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Should PED users make it into the MLB Hall of Fame?

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Welcome to a new column that we call point/counterpoint. This column will consist of back and forth sports bar-style debates between The Observer’s biggest sports fans. To kick off this column we look at last week’s Baseball Hall of Fame election and debate if suspected users of performance enhancing drugs (PEDs) from the 90s and 2000s should be elected to stand amongst the greatest to play America’s national pastime. This transcript has been lightly edited.

JP. O’Hagan (Sports Editor):
Play ball. Baseball has long been a game that puts an emphasis on skill and reveres greatness. In the 90s and early 2000s we saw an era of excitement with bigger personalities, faster pitchers and longer homers. Then we learned that this wasn’t skill or handwork, it was created. Why should those players be remembered alongside the greatest to play the game when they probably wouldn’t have been if it wasn’t for the PEDs?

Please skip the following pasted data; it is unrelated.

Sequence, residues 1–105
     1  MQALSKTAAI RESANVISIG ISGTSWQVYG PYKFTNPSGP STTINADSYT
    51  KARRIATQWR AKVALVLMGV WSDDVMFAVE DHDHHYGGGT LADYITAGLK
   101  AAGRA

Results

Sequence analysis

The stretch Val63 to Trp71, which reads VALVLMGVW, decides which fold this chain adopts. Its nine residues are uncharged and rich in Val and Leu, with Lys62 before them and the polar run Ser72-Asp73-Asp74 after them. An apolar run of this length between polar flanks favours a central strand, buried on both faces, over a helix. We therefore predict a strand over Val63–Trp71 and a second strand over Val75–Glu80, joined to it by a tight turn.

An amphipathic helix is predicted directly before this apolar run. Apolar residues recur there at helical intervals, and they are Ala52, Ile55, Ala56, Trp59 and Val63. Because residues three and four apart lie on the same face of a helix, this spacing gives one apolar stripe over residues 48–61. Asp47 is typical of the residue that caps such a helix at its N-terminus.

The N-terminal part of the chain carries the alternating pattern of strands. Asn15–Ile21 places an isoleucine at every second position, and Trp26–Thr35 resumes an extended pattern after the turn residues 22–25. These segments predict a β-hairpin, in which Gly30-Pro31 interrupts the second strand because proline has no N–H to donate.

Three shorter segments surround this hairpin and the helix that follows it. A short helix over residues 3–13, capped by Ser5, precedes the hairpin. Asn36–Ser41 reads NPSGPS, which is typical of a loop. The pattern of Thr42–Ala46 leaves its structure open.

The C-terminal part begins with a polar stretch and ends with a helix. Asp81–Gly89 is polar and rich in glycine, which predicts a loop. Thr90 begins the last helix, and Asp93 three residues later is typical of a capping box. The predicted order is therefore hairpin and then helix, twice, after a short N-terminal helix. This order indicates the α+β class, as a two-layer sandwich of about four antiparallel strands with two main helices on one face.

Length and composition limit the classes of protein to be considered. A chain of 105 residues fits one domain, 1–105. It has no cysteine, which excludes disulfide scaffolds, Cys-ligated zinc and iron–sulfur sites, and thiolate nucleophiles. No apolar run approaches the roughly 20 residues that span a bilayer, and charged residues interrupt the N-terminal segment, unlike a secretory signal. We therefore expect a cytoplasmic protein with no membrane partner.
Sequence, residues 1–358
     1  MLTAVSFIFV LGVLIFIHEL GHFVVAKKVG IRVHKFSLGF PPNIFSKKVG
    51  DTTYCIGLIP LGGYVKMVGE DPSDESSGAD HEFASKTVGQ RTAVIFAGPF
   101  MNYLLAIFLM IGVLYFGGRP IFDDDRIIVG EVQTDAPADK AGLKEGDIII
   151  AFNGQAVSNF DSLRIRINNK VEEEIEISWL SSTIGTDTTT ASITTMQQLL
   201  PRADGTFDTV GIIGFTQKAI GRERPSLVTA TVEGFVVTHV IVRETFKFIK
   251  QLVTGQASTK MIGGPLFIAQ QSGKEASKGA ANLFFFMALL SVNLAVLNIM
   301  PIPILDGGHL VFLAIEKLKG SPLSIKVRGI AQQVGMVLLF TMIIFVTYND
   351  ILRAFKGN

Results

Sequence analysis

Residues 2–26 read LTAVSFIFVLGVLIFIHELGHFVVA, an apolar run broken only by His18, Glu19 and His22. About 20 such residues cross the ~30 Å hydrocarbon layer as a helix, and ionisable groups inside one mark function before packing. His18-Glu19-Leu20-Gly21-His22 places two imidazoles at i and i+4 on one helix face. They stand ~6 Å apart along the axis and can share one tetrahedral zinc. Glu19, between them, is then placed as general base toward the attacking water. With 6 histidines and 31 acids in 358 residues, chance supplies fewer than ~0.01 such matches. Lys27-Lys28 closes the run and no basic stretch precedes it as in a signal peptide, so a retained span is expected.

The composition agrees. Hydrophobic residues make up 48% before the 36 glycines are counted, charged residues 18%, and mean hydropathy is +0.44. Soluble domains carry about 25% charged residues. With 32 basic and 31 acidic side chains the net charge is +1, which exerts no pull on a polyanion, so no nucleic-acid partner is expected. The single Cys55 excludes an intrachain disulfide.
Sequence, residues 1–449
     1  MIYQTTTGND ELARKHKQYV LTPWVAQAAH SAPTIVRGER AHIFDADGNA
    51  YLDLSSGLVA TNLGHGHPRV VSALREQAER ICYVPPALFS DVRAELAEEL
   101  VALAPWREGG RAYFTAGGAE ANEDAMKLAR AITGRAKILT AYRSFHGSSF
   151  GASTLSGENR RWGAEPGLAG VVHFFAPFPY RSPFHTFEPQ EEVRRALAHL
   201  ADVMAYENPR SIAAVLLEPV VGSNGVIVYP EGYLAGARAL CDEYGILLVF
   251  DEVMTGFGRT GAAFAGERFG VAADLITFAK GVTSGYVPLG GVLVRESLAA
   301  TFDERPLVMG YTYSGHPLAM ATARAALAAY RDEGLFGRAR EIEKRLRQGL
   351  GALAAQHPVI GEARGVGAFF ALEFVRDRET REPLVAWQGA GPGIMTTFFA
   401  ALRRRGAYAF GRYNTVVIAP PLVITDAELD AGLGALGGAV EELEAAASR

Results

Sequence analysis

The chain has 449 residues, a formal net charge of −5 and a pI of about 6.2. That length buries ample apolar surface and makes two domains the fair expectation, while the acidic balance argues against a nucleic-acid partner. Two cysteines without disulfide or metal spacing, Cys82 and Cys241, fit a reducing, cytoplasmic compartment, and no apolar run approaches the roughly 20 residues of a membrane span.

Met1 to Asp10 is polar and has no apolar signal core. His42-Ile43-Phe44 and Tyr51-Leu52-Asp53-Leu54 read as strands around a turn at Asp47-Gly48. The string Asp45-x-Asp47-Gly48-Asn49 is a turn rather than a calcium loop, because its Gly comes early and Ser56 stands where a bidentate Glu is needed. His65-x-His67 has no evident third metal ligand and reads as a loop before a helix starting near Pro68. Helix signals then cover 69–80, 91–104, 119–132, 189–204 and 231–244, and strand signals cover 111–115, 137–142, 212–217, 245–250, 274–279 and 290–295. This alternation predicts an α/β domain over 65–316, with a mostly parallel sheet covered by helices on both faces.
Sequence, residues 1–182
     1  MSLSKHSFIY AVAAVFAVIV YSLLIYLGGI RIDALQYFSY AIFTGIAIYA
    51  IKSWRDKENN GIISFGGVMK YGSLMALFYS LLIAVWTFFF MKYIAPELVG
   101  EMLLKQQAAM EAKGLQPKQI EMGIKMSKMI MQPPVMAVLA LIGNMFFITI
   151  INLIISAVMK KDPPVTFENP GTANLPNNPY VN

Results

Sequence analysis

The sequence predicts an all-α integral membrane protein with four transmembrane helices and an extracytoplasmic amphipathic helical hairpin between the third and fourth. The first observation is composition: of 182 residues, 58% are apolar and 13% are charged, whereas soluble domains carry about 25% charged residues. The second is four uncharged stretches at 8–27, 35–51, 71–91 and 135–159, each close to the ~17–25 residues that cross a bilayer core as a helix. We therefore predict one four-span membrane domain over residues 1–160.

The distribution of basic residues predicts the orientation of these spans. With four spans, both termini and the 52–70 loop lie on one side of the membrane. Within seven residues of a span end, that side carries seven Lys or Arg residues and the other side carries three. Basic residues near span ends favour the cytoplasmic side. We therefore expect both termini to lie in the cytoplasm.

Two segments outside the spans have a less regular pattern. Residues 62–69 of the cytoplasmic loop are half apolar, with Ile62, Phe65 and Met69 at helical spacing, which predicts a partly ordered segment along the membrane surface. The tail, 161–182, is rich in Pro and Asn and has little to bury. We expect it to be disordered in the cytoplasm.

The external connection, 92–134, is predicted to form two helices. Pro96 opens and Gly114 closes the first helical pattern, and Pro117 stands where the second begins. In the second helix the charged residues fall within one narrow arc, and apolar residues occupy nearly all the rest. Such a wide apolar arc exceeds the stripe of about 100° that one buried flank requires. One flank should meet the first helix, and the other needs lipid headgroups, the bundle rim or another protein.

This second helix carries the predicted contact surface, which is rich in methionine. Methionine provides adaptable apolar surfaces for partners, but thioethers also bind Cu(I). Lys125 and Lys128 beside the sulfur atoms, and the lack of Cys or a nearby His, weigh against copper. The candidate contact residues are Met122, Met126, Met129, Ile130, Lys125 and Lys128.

Billy Heyen (Sports Writer): I would argue that many of the men suspected or even confirmed to have juiced are among the greatest our game has ever seen. I’d put them in the Hall if their numbers show they should be there. There is just too much uncertainty. Estimates on the low end say 40 to 50 percent of the players in the era used steroids. If juiced hitters were facing juiced pitchers and we can’t even know the full effect that had on their abilities, how can we judge these players? Early on in the steroid era, most substances in question weren’t even against the rules of baseball. Without enough knowledge on how numbers and games were changed, I say put these guys in if their numbers and contributions show they should be in.

JP: The “if their numbers show it” is a popular argument and I do understand the reasoning behind it. However I would ask, how do you account for the fact that juiced players also faced non-juiced players? This gave them an advantage. While the stat value of that advantage is not perfectly understood, it is still there. If it wasn’t the players would not have taken the steroids. How can you trust the numbers if the numbers don’t make sense?